Do you know what Malachi is saying to God's people? He is saying: "We don't have the luxury of ignoring the needy, of being stewards of just-us. No, we're called to be stewards of justice. It's our job to remember the poor and the powerless. It's our job to care for the little, and the least, and the last, and the lost."

The prophet confronts God's people head on, knowing that the temptation is always great for God's people to put themselves first, to be led by their wants and their needs and their desires. So what if everybody else goes to hell in a hand-basket? Truth be told, that temptation is probably greatest for God's people in times of abundance.

When biblical archaeologists dig down into the ruins of ancient Israel, they find there are periods when the houses are more or less the same size, and the artifacts of life they unearth show that there is a relative equality among the people. During those periods, interestingly enough, the Hebrew prophets are quite silent. They have very little to say. But the archaeologists' diggings also uncover remnants of huge houses, and tiny little hovels at other periods in the life of Israel, and other objects that show great economic disparities among the people. Not surprisingly, it's during these times that the prophets are most outspoken, denouncing the great gaps in wealth, denouncing the neglect of the poor. Which is not to say that wealth is bad. It's not. Anybody who tells you that doesn't know the Bible. But as Jim Wallace notes, "the Bible doesn't mind prosperity; it just insists that it be shared."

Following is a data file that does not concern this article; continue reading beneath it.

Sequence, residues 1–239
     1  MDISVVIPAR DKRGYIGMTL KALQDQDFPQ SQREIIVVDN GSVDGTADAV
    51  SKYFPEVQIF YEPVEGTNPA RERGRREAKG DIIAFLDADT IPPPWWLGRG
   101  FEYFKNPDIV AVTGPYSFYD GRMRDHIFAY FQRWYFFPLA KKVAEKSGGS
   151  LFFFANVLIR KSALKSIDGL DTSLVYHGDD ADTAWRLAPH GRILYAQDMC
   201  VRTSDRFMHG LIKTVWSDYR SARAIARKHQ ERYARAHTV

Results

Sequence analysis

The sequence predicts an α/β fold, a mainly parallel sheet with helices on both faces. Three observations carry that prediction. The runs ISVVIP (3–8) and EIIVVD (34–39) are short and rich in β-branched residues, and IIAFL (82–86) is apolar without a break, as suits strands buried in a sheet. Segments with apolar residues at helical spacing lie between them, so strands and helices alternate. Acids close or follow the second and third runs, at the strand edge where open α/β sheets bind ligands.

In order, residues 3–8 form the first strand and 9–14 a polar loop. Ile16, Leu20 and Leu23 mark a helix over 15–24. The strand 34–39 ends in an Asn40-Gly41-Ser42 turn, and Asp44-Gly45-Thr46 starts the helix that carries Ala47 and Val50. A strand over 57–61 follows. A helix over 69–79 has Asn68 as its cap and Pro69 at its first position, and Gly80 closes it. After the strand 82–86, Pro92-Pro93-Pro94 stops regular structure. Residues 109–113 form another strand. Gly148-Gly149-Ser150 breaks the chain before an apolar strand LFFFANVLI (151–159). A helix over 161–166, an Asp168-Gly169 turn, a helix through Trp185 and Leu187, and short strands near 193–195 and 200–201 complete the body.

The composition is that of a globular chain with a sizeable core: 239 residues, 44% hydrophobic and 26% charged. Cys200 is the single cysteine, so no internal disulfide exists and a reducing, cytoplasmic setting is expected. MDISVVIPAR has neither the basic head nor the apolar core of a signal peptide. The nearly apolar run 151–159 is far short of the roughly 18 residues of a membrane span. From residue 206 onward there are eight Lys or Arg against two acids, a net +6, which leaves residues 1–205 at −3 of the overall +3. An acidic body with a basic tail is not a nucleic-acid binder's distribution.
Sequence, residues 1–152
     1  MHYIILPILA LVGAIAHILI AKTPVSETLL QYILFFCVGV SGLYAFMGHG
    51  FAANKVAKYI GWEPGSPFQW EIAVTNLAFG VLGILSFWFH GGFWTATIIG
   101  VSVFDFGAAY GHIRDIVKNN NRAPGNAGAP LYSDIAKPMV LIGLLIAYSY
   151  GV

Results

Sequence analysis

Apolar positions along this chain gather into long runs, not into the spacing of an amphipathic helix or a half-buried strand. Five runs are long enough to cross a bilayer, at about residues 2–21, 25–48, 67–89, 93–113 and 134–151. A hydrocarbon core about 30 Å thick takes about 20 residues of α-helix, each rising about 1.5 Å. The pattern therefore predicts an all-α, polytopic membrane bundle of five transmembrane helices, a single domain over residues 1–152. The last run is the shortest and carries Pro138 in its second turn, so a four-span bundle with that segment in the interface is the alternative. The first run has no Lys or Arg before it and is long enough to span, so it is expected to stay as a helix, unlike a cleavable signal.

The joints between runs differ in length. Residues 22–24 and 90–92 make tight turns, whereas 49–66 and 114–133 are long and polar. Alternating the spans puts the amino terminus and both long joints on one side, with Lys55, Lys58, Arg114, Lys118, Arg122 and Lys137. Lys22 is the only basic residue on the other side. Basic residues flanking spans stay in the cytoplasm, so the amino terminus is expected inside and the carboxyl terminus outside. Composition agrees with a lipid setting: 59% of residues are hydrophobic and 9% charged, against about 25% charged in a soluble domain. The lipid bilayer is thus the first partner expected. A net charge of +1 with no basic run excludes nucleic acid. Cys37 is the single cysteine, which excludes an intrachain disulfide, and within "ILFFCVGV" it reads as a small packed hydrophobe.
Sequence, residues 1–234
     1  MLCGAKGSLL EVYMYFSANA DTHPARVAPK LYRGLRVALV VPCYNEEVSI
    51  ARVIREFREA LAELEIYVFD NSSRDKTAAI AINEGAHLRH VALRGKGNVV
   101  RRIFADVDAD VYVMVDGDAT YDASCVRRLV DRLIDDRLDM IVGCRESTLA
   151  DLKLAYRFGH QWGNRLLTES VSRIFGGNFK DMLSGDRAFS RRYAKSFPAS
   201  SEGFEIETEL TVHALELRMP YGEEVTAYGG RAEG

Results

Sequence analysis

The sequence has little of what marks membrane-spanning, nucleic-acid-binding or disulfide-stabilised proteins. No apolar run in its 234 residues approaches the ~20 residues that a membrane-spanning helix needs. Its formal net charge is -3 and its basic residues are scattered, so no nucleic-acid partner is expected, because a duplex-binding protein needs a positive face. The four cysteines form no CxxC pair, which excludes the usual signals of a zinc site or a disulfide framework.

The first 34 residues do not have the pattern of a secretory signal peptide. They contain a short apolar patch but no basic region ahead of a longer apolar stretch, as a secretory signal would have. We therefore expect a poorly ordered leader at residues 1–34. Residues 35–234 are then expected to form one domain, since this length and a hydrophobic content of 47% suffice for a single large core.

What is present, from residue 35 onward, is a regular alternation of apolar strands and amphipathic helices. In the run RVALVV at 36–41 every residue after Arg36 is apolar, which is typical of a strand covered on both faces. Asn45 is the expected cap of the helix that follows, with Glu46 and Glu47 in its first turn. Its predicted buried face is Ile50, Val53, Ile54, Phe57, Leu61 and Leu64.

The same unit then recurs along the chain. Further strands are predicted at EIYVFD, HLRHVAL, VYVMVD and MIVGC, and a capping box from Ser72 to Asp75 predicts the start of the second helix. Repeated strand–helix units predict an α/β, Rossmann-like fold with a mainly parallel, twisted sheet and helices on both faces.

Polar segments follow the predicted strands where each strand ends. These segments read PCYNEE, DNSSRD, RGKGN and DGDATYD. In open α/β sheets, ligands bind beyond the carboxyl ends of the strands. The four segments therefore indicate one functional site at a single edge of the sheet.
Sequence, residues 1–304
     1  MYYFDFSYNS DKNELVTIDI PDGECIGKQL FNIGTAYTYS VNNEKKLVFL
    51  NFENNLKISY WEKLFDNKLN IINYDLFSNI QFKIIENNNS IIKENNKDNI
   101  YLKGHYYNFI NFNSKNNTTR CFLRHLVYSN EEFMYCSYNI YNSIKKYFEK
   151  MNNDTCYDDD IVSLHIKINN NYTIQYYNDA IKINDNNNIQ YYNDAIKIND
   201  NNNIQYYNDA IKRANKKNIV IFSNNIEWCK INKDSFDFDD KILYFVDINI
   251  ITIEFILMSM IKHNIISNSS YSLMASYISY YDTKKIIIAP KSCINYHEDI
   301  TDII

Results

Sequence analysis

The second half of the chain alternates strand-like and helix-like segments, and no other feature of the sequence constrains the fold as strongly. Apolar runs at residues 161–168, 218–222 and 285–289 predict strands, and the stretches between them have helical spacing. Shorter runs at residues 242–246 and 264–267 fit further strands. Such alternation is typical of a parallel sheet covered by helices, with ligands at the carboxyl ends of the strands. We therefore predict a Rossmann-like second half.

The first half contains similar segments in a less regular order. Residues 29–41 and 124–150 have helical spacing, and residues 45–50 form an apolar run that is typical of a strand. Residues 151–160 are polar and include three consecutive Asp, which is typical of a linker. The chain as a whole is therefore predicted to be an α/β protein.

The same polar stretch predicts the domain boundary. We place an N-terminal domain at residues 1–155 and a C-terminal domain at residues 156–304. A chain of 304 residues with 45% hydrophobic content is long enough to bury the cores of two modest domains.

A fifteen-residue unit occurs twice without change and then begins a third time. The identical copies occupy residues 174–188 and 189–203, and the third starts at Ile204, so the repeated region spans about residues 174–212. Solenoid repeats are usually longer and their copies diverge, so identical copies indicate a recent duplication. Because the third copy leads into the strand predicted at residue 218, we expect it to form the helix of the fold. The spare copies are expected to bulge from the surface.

Malachi is saying to God's people: "Look, you have a choice. You can be stewards of just us or you can be stewards of justice." In a world with ever-widening gaps, where it seems that the rich only get richer and the poor only get poorer, we face much the same choice today. Just-us or justice?

In a world where Michael Jordan made more from Nike in one year than all the hired Nike workers in all the Asian factories that make Nike shoes—just us or justice? In a world where the CEO of Disney makes $97,000 per hour, and his hired workers in Haiti make $.28 an hour—just us or justice? It's so easy to point the finger at everybody else. But there's a huge gap between my 1,700 square-foot home and our friends who fit their living room, and their dining room, and their bed room—for as many as six or eight people together—under a single thatched roof in a hut measuring no more than eight or ten feet across. There's a huge gap between the 16,000 microbrews and the 50 flavors of Snapple available to quench our thirst, and the three out of five kids in Senegal who won't make it past their fifth birthday because what little water they do have to drink is tainted with animal dung and teaming with bacteria. The prophet Malachi says: "Don't you think for a minute that the Lord doesn't care about such inequities."

A lack of social justice will bring about God's judgment.